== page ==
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humans have a dignity based on their human nature per se or on their ability to choose freely what they do with their lives. On the basis of such dignity, they have a right to be treated as ends and not merely as means to other ends. The list of moral rights -including the rights to make one's own choices about what kind of life to lead, to be told the truth, not to be injured, to a degree of privacy, and so on-is widely debated; some now argue that non-humans have rights, too. Also, it is often said that rights imply duties-in particular, the duty to respect others' rights.

The Fairness or Justice Approach Aristotle and other Greek philosophers have contributed the idea that all equals should be treated equally. Today we use this idea to say that ethical actions treat all human beings equally-or if unequally, then fairly based on some standard that is defensible. We pay people more based on their harder work or the greater amount that they contribute to an organization, and say that is fair. But there is a debate over CEO salaries that are hundreds of times larger than the pay of others; many ask whether the huge disparity is based on a defensible standard or whether it is the result of an imbalance of power and hence is unfair. The Common Good Approach The Greek philosophers have also contributed the notion that life in community is a good in itself and our actions should contribute to that life. This approach suggests that the interlocking relationships of society are the basis of ethical reasoning and that respect and compassion for all others-especially the vulnerable-are requirements of such reasoning. This approach also calls attention to the common conditions that are important to the welfare of everyone. This may be a system of laws, effective police and fire departments, health care, a public educational system, or even public recreational areas.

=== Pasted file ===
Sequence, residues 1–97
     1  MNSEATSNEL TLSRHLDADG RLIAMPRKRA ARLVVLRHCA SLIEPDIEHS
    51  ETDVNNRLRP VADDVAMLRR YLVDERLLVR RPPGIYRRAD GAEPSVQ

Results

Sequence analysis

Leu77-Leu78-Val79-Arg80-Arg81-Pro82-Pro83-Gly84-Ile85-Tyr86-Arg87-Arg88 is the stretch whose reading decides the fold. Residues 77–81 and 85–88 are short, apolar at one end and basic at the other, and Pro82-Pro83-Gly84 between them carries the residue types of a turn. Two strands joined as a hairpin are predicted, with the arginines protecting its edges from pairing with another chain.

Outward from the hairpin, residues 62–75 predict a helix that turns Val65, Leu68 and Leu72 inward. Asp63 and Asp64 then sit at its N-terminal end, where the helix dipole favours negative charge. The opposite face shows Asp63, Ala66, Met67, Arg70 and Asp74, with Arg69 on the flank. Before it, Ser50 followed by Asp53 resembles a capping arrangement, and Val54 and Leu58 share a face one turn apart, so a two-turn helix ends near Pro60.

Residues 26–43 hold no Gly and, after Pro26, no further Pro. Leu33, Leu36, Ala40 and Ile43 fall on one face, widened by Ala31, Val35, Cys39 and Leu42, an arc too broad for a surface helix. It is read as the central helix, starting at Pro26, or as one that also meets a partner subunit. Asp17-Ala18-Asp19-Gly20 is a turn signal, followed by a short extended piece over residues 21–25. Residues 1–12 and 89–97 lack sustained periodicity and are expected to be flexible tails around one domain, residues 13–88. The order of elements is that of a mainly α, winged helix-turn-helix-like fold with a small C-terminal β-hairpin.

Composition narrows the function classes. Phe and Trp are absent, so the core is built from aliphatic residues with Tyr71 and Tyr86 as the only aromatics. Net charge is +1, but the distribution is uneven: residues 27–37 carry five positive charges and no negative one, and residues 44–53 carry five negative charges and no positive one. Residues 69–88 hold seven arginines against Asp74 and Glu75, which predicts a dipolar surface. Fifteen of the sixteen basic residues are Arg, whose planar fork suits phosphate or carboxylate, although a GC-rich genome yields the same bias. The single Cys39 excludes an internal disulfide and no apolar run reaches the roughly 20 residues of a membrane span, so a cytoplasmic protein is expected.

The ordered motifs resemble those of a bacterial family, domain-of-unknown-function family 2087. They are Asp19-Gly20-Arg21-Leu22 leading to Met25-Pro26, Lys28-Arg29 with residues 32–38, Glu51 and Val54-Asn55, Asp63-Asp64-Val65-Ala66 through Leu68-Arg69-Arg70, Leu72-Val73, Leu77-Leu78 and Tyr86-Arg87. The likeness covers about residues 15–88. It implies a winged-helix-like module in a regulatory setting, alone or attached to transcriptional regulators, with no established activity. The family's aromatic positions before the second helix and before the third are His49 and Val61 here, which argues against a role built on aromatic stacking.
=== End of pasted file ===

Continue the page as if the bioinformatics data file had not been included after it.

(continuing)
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The Virtue Approach A very ancient approach to ethics is that ethical actions ought to be consistent with certain ideal virtues that provide for the full development of our humanity. These virtues are dispositions and habits that enable us to act according to the highest potential of our character and on behalf of values like truth and beauty. Honesty, courage, compassion, generosity, tolerance, love, fidelity, integrity, fairness, self-control, and prudence are all examples of virtues. Virtue ethics asks of any action, "What kind of person will I become if I do this?" or "Is this action consistent with my acting at my best?" Putting the Approaches Together Each of the approaches helps us determine what standards of behavior can be considered ethical. There are still problems to be solved, however. The first problem is that we may not agree on the content of some of these specific approaches. We may not all agree to the same set of human and civil rights. We may not agree on what constitutes the common good. We may not even agree on what is a good and what is a harm. The second problem is that the different approaches may not all answer the question "What is ethical?" in the same way. Nonetheless, each approach gives us important information with which to determine what is ethical in a particular circumstance. And much more often than not, the different approaches do lead to similar answers. Making Decisions Making good ethical decisions requires a trained sensitivity to ethical issues and a practiced method for exploring the ethical aspects of a decision and weighing the considerations that should impact our choice of a course of action. Having a method for ethical decision making is absolutely essential. When practiced regularly, the method becomes so familiar that we work through it automatically without consulting the specific steps. The more novel and difficult the ethical choice we face, the more we need to rely on discussion and dialogue with